Of course along with this basic premise I also should acknowledge that some monsters might not need it. A chimera is pretty scary all on its own, even without making it a new monster, as long as you describe it well it can still drain a little colour from your players cheeks. The mystery might not be there, but there's still lots to fear from the traditional monsters, plus with such a plethora of monster books availible there's no trouble finding something your players have never seen before.
This month's theme is Monsters, and to kick it off with a bang I'm going to take a look at how to keep your monsters exciting. I want you to think about a troll. Think about your players fighting that troll. What comes to mind? Maybe how it looks, maybe that rend damage, but probably: regeneration. I had the enlightening experience of playing with a group of new players not long ago, and I can tell you I've never enjoyed using a troll more. Because they had to fight it three times. They pushed it down a ravine, a fall they knew should kill nearly anything. Hours later they found it stalking them across the grasslands, and they ran it through with a dozen sword blows and an entire brace of throwing knives. They took off and that night they hid their camp, went without a fire and huddled up for warmth and courage. And the troll returned. They battled it fiercely and finally the party magus happened to harm it with fire and the players observed that its healing seemed to stop. That night they sat by the smouldering body of a troll, watching its burning husk....just to make sure.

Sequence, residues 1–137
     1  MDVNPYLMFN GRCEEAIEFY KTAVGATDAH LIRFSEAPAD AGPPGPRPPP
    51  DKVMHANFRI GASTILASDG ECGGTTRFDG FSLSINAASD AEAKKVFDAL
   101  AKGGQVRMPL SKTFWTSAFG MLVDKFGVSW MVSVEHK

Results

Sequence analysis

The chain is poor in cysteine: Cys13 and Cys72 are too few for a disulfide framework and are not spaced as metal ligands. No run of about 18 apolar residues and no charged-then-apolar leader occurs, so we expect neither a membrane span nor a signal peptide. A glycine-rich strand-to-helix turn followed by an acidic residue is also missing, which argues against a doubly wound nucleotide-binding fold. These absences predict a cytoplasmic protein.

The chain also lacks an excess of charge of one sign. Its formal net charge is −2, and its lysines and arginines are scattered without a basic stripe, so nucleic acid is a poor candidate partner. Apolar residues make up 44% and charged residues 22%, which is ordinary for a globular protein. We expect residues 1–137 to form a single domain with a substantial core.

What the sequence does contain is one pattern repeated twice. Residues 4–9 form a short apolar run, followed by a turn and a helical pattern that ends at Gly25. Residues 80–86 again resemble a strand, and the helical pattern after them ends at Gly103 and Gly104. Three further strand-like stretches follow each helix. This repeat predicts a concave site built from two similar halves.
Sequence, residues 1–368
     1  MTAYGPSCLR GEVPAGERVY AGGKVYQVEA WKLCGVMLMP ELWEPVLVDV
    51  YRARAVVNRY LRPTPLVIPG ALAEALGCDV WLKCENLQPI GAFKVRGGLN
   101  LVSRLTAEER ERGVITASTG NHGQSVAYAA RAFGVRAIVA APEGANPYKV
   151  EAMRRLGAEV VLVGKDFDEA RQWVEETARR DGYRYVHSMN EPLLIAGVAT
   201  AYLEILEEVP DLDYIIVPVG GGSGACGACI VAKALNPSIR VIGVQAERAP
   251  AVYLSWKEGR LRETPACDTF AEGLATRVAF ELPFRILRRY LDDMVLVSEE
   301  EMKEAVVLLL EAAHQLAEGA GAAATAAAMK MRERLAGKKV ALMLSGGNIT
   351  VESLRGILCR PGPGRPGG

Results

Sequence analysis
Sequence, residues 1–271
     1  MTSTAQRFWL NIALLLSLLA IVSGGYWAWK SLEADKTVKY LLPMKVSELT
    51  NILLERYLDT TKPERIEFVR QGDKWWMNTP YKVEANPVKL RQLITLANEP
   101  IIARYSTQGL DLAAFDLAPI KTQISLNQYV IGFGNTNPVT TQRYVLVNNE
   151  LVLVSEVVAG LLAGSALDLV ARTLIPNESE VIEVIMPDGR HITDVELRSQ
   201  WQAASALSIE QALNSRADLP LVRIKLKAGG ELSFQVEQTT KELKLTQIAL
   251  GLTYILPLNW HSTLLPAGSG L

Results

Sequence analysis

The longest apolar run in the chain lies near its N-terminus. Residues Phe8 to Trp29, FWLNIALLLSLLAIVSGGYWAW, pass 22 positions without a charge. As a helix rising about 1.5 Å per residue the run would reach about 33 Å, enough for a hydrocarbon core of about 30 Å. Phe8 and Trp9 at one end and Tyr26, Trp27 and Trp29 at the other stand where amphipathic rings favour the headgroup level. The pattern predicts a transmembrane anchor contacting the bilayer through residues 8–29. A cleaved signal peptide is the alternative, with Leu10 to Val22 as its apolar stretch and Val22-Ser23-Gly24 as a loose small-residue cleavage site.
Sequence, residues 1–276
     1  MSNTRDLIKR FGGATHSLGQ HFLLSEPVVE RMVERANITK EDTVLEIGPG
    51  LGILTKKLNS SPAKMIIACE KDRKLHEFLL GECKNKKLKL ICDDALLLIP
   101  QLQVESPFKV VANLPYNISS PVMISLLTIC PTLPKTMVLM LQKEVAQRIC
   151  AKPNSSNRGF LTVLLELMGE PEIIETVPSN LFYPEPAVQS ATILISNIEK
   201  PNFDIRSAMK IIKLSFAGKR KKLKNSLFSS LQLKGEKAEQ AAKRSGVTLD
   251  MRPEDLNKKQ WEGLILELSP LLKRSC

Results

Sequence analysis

But what does that do for you? Your players /know/ that fire kills trolls. If you threw a troll at them it'd be torches and fireballs immediately. At best you can make them roll knowledge checks to see if their characters know about the weakness, but it doesn't capture the same wonder. Two main components made the troll encounter memorable: Capability, and Mystery.